SbK Mate-Compiz 21.1.3 updated release

I am very pleased to announce the release of SbK Mate-Compiz 21.1.2. So far this is the best of the 21.1.2 series.

The 21.1.2 release was made the day before a big update and a move to 21.1.3 by Manjaro. This is an update release for new installs. Those with the 21.1.2 release installed will have the same package base at this point.

Both iso’s in this release include:

  1. The 5.10.63 LTS kernel.
  2. Compiz 9 with the rotating cube for virtual desktops, faded windows in the background, wobbly windows, and other effects.
  3. The New FlatRemixSpin-Silver icon theme with light and dark versions of the control icons.
  4. The new KvSpinDarkSilver matching Gtk and Kvantum themes in one package.
  5. The new Usplash-21.1.2 desktop wallpapers. One of them is the background for the grub, desktop, and login screen backgrounds.
  6. A basic Conky with matching color theme.
  7. Lots of updates since the 21.1 release. The iso’s are up to date as of 9/18/2021.

Both iso’s also contain the standard SbK features.

  1. The latest LTS kernel.
  2. A Manjaro stable install that is also AUR compatible. In the full iso there are also a lot of packages used to build packages installed.
  3. It is multiarch by default to make running wine games and other 32bit software you may run easier.
  4. The Spins by Kilz signed repository is enabled for SbK project packages.
  5. A signed iso. For information on checking signed iso’s visit the Checking page.
  6. Bloatware has been removed (HP printer software and others).
  7. Flat packs and snaps are not installed. The back ends are also not installed but can be installed by the user.
  8. All SbK iso’s contain Manjaro Architect script in case you want to do a custom install. Sadly to get any SbK packages like themes, icons, and other goodies you will have to add the SbK Repository after install.
  9. Timeshift autosnap installed. It takes a snapshot before upgrading so any bad upgrades can be easily reversed.

A full and very minimal iso can be found here.

As always comments, questions and suggestions are always welcome.


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:+1: Thanks for all your great work! :+1:

Could you do me a favour and in Spins create a landing page that links to the latest LXQT and Mate etc desktops so I can link them in the N00b tutorial too?

Or do you prefer me linking directly to the OSDN storage bypassing TuxFamily?


The OSDN site is mainly for storage, so it wouldnt be a good option to send newbies to. A landing page on the spins site showcasing the latest spins is a good idea. My html skills are not the best, but I should be able to make one with Blue Griffin.

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I made a page on the website that will point to the current releases. Its not much, but its better than nothing. Web design isnt my strong point. The web hosting came with the repository and I just put up something and forgot about it. As time goes on I am finding its a nice resource.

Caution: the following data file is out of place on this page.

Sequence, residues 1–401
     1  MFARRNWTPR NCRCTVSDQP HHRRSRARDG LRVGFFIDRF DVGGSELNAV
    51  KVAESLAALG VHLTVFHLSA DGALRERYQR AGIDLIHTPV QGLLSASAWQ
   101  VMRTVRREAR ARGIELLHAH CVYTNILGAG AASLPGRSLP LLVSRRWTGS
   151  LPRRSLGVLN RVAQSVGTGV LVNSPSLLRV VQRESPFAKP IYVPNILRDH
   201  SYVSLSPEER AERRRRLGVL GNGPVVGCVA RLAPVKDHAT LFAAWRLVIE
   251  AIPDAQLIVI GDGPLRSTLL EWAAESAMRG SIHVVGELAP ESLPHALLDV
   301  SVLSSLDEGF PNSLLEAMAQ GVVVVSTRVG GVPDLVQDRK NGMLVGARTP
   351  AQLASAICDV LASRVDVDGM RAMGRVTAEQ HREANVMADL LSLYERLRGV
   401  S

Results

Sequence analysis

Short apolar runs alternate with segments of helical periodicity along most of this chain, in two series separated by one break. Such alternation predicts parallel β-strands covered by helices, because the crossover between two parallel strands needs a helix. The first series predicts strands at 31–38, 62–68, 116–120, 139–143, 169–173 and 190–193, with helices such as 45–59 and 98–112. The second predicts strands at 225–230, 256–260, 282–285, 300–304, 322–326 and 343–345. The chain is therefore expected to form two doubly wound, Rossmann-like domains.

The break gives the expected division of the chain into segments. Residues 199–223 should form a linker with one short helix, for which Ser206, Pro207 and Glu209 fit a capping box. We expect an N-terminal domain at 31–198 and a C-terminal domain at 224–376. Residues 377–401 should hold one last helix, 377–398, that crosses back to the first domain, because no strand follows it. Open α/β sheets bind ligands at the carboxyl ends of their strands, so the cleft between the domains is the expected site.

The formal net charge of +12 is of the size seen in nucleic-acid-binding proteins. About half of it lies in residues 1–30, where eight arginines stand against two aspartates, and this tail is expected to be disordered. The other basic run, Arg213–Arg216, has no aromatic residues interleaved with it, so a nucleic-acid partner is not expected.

N00b tutorial updated to include this now:

  • Linux has different Desktop Environments (DE):
    • XFCE: Lightweight, simple, best for beginning users
    • KDE: lots of bells and whistles, good for recent and powerful hardware and people who like to tinker! :hammer_and_pick:
    • Gnome: Simple, the default for lots of distributions
    • Cinnamon: Gnome like it should be Beefed-up Gnome with more bells and whistles.
    • Lxqt: comparatively low resource requirements. This makes it especially suitable for use on older resource-constrained computers.
    • Mate: The MATE Desktop Environment is the continuation of GNOME 2. It provides an intuitive and attractive desktop environment.

In a :chestnut: anything not official and that I’ve heard of is now linking to you!


Thanks! For almost 18 years I have been running linux. I have used all of those desktops at some point, and some that are not on the list. SbK is my way of giving back to the linux community. The more people who find one of my spins and try/use it, the better.

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I’ve only ever used KDE, Unity, Cinnamon and back to KDE now, but I’ve tried LXDE and XFCE too (each for about an hour or 2)


I could never run KDE for more than a couple of months. 4 was just to different than Gnome2 that I started with and ran for the longest. 5/plasma is very nice, but its themes are very hard to create, and I usually give up on it. Lxqt is now my desktop, has been for a couple of years. I like to give its spins a little extra if I can because there were so few themes for it when I started using it.

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